Amy Player, Doctoral Assistant in Modern English Literature (Assistant-diplômé) from 2018.

PhD project: Border Crossings and Hybridity in New British Nature Writing

Amy’s doctoral thesis investigates the literary phenomenon of ‘new nature writing’, which has come into prominence in recent years. She considers selected texts by Robert Macfarlane, Jay Griffiths and Kathleen Jamie, in relation to past nature writing. She examines what their writing takes from the past and what ‘newness’ there is in their respective approaches. She aims to consider how their responses are suited to the particular conditions of our times, and address what the genre’s popularity might reflect about our contemporary relationship with the natural world in the age of the Anthropocene. She looks at how these three writers help push towards new ways of thinking about this relationship, considering how they expand the horizons of what writing about nature should involve and include today and open up perspectives and ways of seeing that are increasingly hybrid in scope. Her thesis looks specifically to this notion of hybridity, considering how their writing blurs boundaries between the human and nonhuman, and broadens the possibilities of language in order to offer alternative ways of knowing and thinking about nature. The focus on diverse perspectives and shifts in scale, the incorporation of ex-centric ‘voices’, and the attention to dynamic and diverse ‘natural’ locations in their writing provide new approaches to the dualisms that have often framed the way we think about the natural world. Through their reflections on questions of nature and culture both within a local and global context, she argues that these writers open up crucial dialogues within the greater environmental consciousness, and thus offer timely and urgent narratives for our current state of international ecological crisis.

Completed PhD supervision (University of Lausanne)

  • Philip Lindholm, Doctoral Assistant in Modern English Literature (Assistant-diplômé) 2012-2018. Synaesthesia in British Romanticism. Completed without corrections, June 2018.
  • Rachel Nisbet, Doctoral Assistant in Interdisciplinary Studies (Assistant-diplômé) 2011-2018. Anthropocene River Narratives. Completed without corrections, June 2018.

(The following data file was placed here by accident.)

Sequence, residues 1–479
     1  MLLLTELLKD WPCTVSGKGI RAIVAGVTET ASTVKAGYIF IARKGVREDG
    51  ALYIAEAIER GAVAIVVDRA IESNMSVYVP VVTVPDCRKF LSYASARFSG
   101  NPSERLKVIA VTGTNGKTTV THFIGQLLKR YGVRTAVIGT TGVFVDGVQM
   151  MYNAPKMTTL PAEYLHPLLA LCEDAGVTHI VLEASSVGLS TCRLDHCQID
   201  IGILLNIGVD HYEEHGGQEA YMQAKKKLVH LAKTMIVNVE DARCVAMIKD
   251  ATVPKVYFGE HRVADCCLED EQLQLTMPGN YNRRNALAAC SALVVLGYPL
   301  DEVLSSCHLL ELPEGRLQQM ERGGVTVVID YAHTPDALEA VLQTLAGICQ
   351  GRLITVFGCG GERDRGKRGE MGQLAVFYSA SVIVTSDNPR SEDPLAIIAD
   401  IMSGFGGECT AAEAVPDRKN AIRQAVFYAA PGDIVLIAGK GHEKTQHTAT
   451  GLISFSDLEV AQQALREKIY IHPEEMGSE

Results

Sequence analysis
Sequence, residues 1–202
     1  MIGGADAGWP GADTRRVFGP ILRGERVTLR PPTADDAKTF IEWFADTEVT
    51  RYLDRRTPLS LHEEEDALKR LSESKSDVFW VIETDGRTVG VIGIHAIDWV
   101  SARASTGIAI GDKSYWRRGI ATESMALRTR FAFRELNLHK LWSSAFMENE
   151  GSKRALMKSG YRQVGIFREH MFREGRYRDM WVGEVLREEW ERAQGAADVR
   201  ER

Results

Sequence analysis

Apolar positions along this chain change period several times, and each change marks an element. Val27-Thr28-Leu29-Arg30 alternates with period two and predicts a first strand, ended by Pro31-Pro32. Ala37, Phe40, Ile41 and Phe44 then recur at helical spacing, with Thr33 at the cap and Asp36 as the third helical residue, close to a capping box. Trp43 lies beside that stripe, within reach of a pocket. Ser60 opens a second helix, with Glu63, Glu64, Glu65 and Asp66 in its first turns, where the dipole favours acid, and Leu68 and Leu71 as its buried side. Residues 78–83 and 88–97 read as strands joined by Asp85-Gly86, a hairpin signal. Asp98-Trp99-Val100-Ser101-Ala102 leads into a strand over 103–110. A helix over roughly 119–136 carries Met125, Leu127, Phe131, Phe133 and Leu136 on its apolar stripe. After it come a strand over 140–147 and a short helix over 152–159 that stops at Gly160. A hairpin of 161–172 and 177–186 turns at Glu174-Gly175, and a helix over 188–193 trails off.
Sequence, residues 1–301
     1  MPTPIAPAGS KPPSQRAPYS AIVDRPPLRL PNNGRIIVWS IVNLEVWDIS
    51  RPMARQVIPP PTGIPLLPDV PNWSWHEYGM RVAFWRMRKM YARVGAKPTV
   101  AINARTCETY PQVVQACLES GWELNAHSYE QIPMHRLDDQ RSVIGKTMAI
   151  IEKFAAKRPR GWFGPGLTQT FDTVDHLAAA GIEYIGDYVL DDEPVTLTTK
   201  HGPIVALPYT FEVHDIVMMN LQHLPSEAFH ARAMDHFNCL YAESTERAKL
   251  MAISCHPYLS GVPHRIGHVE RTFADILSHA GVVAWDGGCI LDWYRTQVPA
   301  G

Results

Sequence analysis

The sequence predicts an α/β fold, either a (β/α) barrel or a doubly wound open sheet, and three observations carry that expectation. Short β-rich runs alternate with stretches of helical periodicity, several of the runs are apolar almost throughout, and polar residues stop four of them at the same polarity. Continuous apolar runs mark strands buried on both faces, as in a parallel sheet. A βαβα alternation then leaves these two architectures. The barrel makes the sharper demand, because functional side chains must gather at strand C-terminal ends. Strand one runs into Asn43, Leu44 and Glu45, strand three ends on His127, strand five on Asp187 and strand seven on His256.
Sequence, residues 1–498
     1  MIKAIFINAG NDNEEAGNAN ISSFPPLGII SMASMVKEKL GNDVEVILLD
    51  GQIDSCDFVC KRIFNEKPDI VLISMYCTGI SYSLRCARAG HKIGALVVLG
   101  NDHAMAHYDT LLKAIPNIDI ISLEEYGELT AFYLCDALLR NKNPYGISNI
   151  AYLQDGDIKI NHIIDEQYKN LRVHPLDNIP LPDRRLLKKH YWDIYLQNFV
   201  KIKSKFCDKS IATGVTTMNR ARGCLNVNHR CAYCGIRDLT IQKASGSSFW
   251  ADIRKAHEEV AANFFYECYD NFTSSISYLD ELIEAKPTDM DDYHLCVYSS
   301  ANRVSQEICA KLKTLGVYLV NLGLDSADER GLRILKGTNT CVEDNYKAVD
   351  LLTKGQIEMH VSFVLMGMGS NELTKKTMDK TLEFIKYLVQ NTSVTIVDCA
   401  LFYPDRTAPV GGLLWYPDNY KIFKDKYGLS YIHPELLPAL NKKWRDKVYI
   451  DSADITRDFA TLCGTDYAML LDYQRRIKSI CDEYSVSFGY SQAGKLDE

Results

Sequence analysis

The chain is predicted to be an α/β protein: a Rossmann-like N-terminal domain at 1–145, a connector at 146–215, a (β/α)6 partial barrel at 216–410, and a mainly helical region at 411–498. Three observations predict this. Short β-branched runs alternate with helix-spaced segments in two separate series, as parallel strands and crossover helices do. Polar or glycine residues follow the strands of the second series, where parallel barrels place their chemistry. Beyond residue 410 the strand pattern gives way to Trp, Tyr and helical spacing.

Completed PhD supervision (University of Sheffield)

  • Marcus Nevitt, Early Modern Women’s Writing. Completed 2001.
  • Julie Scanlon, Contemporary Women’s Fiction and Feminist Theory. Completed 2003.
  • Brendan Stone, Contemporary Autopathography and Narrative Theory. Completed 2004.
  • Jennifer Adams, Magic Realism and Holocaust Fiction. Completed 2010.
  • Mervat Al-Jomaa, Crossover Literature, Psychoanalytic and Reader Response Theory. Completed 2010.
  • Yi Yin Lee, Space and Identity in Young Adult Literature. Completed 2010.

Completed secondary PhD supervision (University of Sheffield)

Holocaust Literature, completed 2002
Theories of Agency in Bakhtin and Queer Studies, completed 2001.

Internal PhD examining (University of Sheffield)

  • Trauma, Utterance and Patterns in Holocaust Survivor Testimony, 2008
  • Poetry of John Berryman, 2008
  • European, Inter-War, Lesbian and Gay Fiction, 2006
  • The novels of W.G. Sebald, 2005

External PhD examining

  • Karian Schuitema, ‘Children’s Theatre in the UK: Representing Cultural Diversity on Stage Through the Practices of Interculturalism, Multiculturalism and Internationalism’, University of Westminster, London, April 2012.
  • Susanna Gebhardt, ‘Early Modern English Wall-Writing: Memory and Textual Culture’, University of Geneva, Jan 2013.
  • Arnaud Barras, ‘Ecopoetic Metafiction: the Interaction of Organism and Environment in Postcolonial Literatures, University of Geneva, June 2016.
  • Megha Agarwal, ‘Anabasis and Katabasis in Inferno, Paradise Lost, Frankenstein and Heart of Darkness’, Goldsmith’s College, London University, June 2018.